‘Grey House’ Review: Laurie Metcalf Stars in a Spooky but Oblique Broadway Thriller

Playwright Levi Holloway’s “Grey House” arrives on Broadway with the vibe of a spooky cinematic thriller. Pulses do rise, and the mind races forward with every blackout and bang. But save for a fleeting few discomforting images of dead pigeons, dogs and one flayed limb, the fear here is an intellectualized, existential experience.

Closer to eerily meditative film noir than a Jason Blum fear-fest, “Grey House” — which first opened at Chicago’s A Red Orchid Theatre in 2019 — recalls John Huston’s 1948 movie “Key Largo” in its mix of unwanted visitors and scheming home inhabitants. It also nods to Eugène Ionesco with fate and grief as psychic signposts, and similarly evokes Sam Shepherd’s misery-soaked “Curse of the Starving Class” with haunted, teenaged girls on its frontlines.

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But are they actually teenage girls? Deaf, tinkering Bernie, precocious Marlow, fleet-of-foot Squirrel and the kindly, inquisitive and surprisingly named A1656 are the daughters of mama Raleigh (Laurie Metcalf), all living together in a house in the woods. One snow-bound night, cross-country travelers Max (Tatiana Maslany) and Henry (Paul Sparks), waylaid by an accident (or fate?), come to call.

Who is that much older “daughter” popping out from under sofa cushions? What’s in the dry-ice-smoky basement? Why is the “elixir” that Henry drinks to ease his pain named and dated after previous visitors to the house? Why does Max insist on playing hellish mind games with these kids when all they want is to pull her secrets from her? What on Earth actually prevents Max and Henry from leaving this gray house?

These raw-knuckled riddles are what drive Holloway’s challengingly experimental meditation on the predestination of pain. For while the playwright has provided notes about grieving children who died horrible deaths at the hands of men needing love, those ideas filter into “Grey House” with more poetry than specificity. The drearily in-between shades of gray here represent a purgatory, a waystation between Heaven and Hell. Who will end up where, and how badly hurt they are when they leave, are the only questions that get any sort of resolution by play’s end.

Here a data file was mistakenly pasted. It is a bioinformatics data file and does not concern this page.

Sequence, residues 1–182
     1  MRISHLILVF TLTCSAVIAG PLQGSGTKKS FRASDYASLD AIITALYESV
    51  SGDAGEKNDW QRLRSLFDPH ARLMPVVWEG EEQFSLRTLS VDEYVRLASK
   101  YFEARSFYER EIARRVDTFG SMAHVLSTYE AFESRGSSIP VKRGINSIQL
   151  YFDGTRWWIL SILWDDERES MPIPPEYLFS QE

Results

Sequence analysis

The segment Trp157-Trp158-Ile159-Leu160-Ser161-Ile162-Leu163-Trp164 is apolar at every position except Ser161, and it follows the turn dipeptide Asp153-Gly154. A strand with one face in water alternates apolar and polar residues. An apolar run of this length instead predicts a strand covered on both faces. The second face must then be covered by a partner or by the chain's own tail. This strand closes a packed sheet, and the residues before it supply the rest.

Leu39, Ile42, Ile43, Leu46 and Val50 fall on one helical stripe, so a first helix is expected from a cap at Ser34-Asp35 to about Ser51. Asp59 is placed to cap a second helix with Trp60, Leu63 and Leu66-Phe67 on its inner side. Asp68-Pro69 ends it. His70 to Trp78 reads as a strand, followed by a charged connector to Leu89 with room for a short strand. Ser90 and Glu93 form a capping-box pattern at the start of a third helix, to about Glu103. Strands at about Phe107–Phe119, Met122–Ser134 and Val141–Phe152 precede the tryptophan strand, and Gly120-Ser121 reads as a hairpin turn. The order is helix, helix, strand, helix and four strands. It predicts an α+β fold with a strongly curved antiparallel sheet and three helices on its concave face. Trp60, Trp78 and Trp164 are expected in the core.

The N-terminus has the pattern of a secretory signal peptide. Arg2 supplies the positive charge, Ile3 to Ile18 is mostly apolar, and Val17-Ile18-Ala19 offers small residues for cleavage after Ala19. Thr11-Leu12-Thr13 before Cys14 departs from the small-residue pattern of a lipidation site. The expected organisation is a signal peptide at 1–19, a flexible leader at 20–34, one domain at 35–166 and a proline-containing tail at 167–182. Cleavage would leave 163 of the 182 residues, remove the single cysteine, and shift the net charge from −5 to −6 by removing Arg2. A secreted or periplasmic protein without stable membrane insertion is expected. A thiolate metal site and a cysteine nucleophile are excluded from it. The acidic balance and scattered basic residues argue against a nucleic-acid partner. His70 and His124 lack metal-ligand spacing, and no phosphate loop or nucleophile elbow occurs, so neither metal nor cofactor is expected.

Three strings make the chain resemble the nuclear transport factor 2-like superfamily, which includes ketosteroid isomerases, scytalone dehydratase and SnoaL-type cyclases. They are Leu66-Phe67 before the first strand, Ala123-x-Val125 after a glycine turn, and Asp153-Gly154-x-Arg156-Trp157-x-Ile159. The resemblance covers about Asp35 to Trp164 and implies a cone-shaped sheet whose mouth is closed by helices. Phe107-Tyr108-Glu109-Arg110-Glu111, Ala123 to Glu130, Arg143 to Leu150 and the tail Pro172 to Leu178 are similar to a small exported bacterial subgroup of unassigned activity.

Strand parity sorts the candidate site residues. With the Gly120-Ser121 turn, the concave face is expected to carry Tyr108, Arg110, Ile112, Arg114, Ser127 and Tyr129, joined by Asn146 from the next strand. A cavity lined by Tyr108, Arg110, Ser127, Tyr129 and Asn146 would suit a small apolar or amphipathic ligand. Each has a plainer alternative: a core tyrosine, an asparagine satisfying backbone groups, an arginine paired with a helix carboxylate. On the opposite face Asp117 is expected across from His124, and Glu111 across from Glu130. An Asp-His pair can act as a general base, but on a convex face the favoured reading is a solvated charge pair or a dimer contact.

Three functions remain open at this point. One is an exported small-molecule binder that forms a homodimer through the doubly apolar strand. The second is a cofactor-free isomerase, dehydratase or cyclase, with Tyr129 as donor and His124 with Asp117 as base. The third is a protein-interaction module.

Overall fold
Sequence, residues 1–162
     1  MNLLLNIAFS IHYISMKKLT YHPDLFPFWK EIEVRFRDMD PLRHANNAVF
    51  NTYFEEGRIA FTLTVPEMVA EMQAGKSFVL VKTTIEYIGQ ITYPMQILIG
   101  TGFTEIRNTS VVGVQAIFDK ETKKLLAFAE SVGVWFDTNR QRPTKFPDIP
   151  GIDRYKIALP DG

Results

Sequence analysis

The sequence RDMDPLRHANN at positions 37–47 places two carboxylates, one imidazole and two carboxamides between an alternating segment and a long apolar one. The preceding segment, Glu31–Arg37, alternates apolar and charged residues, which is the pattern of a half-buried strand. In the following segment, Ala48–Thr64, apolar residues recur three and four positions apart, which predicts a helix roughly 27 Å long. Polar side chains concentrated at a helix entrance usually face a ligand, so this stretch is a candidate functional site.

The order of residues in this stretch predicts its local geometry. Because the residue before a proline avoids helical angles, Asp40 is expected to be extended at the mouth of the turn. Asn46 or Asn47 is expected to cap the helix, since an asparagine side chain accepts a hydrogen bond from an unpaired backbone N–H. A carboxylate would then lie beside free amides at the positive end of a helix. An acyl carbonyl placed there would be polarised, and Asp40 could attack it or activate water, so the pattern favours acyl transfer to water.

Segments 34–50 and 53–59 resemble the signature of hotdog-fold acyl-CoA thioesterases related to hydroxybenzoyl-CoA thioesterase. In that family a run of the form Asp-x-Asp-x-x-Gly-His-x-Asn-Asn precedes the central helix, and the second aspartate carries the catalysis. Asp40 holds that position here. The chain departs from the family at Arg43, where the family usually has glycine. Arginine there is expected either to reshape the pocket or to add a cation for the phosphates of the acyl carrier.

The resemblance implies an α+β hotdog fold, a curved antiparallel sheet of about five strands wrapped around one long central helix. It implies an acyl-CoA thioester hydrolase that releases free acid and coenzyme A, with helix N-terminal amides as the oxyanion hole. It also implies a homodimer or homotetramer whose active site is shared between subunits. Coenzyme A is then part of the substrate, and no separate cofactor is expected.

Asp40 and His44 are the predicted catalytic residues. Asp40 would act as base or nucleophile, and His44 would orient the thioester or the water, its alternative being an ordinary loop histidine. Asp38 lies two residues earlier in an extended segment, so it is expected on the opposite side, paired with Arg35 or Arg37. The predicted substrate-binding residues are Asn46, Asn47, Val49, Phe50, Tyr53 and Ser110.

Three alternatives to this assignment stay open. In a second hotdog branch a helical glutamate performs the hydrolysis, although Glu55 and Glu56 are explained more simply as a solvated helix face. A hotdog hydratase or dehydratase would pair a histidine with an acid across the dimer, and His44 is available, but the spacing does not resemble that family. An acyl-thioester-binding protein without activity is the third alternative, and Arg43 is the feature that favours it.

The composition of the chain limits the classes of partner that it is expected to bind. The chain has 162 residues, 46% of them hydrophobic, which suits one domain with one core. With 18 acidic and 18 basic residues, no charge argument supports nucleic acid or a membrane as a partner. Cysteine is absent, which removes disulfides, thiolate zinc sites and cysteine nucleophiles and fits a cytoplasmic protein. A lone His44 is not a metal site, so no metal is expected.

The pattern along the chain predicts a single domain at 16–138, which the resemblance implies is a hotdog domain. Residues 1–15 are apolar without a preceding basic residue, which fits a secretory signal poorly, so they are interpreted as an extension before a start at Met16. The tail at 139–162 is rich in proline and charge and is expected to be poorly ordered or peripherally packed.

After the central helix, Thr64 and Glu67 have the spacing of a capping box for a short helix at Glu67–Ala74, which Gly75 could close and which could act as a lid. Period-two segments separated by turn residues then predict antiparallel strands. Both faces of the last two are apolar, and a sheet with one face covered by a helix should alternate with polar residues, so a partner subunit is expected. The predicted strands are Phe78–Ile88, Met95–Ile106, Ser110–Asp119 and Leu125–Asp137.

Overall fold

The script can drag and the metaphors pile higher that Jenga blocks, but the oblique text of “Grey House” never lacks for intrigue and edge-of-your-seat fascination. And the show’s fine cast and creatives do their best to make it all less impenetrable.

Director Joe Mantello (“Wicked,” the original “Take Me Out”) and his collaborators (especially set designer Scott Pask and lighting designer Natasha Katz) turn a shaded living room into a (barely) living, breathing entity, making the cast into proactive participants in this slow-grinding, fast-talking horror. From Lynchians bursts of blinding light to an endless array of baby dolls — to say nothing of the unexpectedly interactive cubby holes and the frightening pile of men’s discarded shoes — Mantello sets a spooky table for his cast.

House mother Raleigh, as portrayed by Metcalf, is gruffly put-upon at all times, but loudly in love with her adopted brood. Metcalf’s facial tics and hilarious takes on Holloway’s stench-of-decay dialogue often play to the bleak comedy of her fate, and her off-stage torture scene surprises as an uproarious highlight.

As Max, Claire Karpen (standing in for Tatiana Maslany at the performance reviewed) takes to confusion and resignation without muss or fuss. Confounded by her relationship to the self-flagellating Henry and beaten down from mourning a just-passed father and long-dead sister, Karpen’s Max is frightened but ready for the next act — and for someone to love who won’t die. As Henry, Sparks is elastic and electric.

The most haunted, haunting performance comes from Sophia Anne Caruso as Marlow. The actress who originated the spooky-child lead role of Lydia in “Beetlejuice: The Musical,” Caruso knows how to play to fear, loathing and cutting dialogue. Cracking wise with aching vulnerability, Caruso is the insistent, irresistible heart of “Grey House” and its sonorous death knell.

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